| Processes:                                                       GPU Memory |
|  GPU       PID  Type  Process name                               Usage      |
|=============================================================================|
|  No running processes found                                                 |
+-----------------------------------------------------------------------------+

Now that the NVIDIA drivers are installed, nvidia-docker can be downloaded and installed as follows (based on these instructions):

wget -P /tmp https://github.com/NVIDIA/nvidia-docker/releases/download/v1.0.1/nvidia-docker_1.0.1-1_amd64.deb
sudo dpkg -i /tmp/nvidia-docker*.deb && rm /tmp/nvidia-docker*.deb

And you can confirm the installation, by attempting to run nvida-smi inside of a docker container:

nvidia-docker run --rm nvidia/cuda nvidia-smi
Using default tag: latest
latest: Pulling from nvidia/cuda
d54efb8db41d: Pull complete 
f8b845f45a87: Pull complete 
e8db7bf7c39f: Pull complete 
9654c40e9079: Pull complete 
6d9ef359eaaa: Pull complete 
cdfa70f89c10: Pull complete 
3208f69d3a8f: Pull complete 
eac0f0483475: Pull complete 
4580f9c5bac3: Pull complete 
6ee6617c19de: Pull complete 
Digest: sha256:2b7443eb37da8c403756fb7d183e0611f97f648ed8c3e346fdf9484433ca32b8
Status: Downloaded newer image for nvidia/cuda:latest
Thu Mar  9 03:44:23 2017       
+-----------------------------------------------------------------------------+
| NVIDIA-SMI 367.57                 Driver Version: 367.57                    |
|-------------------------------+----------------------+----------------------+
| GPU  Name        Persistence-M| Bus-Id        Disp.A | Volatile Uncorr. ECC |
| Fan  Temp  Perf  Pwr:Usage/Cap|         Memory-Usage | GPU-Util  Compute M. |
|===============================+======================+======================|
|   0  GRID K520           Off  | 0000:00:03.0     Off |                  N/A |
| N/A   54C    P8    18W / 125W |      0MiB /  4036MiB |      0%      Default |
+-------------------------------+----------------------+----------------------+
                                                                               
+-----------------------------------------------------------------------------+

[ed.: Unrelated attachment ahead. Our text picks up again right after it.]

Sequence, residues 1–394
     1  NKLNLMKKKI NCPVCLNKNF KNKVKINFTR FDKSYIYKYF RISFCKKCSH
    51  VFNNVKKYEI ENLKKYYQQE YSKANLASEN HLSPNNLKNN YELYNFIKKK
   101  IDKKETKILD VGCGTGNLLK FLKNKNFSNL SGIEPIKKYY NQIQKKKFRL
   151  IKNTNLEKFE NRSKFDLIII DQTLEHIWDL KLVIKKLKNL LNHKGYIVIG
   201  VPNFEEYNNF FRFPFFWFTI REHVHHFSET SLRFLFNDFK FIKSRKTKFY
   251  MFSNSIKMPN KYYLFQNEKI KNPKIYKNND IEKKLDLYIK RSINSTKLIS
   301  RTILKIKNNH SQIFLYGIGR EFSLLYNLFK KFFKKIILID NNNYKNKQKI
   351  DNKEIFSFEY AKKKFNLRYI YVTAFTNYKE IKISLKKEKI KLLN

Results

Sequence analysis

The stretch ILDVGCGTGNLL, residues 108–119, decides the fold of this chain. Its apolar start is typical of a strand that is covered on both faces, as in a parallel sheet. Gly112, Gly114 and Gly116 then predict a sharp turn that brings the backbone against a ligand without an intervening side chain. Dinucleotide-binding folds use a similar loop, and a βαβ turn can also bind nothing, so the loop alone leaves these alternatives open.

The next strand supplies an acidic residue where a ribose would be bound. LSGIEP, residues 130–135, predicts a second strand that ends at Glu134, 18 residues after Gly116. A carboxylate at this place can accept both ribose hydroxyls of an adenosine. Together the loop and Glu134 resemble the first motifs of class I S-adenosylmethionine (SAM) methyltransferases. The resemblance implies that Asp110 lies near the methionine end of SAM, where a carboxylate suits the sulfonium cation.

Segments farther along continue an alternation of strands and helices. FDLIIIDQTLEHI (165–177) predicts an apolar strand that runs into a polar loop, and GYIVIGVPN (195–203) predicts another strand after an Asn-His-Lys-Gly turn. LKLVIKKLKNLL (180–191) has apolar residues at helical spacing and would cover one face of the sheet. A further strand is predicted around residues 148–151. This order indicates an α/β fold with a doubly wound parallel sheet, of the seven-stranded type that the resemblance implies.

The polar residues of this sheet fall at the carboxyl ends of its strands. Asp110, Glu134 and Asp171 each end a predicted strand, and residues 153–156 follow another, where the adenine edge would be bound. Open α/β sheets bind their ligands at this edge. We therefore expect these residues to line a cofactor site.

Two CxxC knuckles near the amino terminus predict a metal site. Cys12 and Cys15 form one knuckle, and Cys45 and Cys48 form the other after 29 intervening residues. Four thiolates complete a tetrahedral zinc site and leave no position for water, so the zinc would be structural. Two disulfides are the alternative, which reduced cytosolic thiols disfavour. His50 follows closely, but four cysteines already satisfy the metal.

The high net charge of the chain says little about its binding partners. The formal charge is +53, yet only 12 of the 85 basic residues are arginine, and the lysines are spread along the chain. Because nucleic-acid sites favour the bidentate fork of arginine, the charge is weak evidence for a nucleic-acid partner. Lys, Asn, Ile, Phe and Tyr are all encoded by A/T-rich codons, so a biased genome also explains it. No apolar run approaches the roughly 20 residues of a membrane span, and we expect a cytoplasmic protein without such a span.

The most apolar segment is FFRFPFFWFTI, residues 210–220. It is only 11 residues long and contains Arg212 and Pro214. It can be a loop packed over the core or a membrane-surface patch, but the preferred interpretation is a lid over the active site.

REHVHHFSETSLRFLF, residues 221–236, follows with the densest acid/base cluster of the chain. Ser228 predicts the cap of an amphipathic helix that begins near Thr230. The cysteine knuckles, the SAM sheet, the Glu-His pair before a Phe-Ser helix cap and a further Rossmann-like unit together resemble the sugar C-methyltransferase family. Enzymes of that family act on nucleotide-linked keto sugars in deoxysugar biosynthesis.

| Processes:                                                       GPU Memory |
|  GPU       PID  Type  Process name                               Usage      |
|=============================================================================|
|  No running processes found                                                 |
+-----------------------------------------------------------------------------+

Once you have confirmed nvidia-smi works inside of nvidia-docker, you should be able to run DeepOSM using your GPU.

Run Scripts

Start Docker, then run:

make dev-gpu

Or if you don't have a capable GPU, run:

make dev

Download NAIP, PBF, and Analyze

Inside Docker, the following Python scripts will work. This will download all source data, tile it into training/test data and labels, train the neural net, and generate image and text output.

The default data is six NAIPs, which get tiled into 64x64x4 bands of data (RGB-IR bands). The training labels derive from PBF files that overlap the NAIPs.

python bin/create_training_data.py
python bin/train_neural_net.py

For output, DeepOSM will produce some console logs, and then JPEGs of the ways, labels, and predictions overlaid on the tiff.

Testing

There is a very limited test suite available at the moment, that can be accessed (from the host system) by running:

make test

Jupyter Notebook

Alternately, development/research can be done via jupyter notebooks:

make notebook

To access the notebook via a browser on your host machine, find the IP VirtualBox is giving your default docker container by running:

docker-machine ls

NAME      ACTIVE   DRIVER       STATE     URL                         SWARM   DOCKER    ERRORS
default   *        virtualbox   Running   tcp://192.168.99.100:2376           v1.10.3

The notebook server is accessible via port 8888, so in this case you'd go to: http://192.168.99.100:8888

Readings

Also see a work journal here.

Papers - Relevant Maybe

Papers - Not All that Relevant

Papers to Review

Recent Recommendations

Citing Mnih and Hinton

I am reviewing these papers from Google Scholar that both cite the key papers and seem relevant to the topic.

Original Idea

This was the general idea to start, and working with TMS tiles sort of worked (see first 50 or so commits), so DeepOSM got switched to better data:

Deep OSM Project